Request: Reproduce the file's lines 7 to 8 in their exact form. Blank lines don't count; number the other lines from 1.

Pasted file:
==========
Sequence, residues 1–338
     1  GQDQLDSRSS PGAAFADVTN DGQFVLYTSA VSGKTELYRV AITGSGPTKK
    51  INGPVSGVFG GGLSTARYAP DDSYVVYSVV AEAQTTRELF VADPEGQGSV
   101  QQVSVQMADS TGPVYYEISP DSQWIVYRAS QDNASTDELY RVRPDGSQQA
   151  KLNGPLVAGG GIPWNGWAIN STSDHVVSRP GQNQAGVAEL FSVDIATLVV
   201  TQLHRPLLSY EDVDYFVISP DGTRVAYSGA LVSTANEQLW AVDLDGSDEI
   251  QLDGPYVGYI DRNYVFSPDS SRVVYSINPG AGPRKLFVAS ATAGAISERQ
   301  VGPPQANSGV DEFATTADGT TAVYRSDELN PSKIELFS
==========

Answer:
   251  QLDGPYVGYI DRNYVFSPDS SRVVYSINPG AGPRKLFVAS ATAGAISERQ
   301  VGPPQANSGV DEFATTADGT TAVYRSDELN PSKIELFS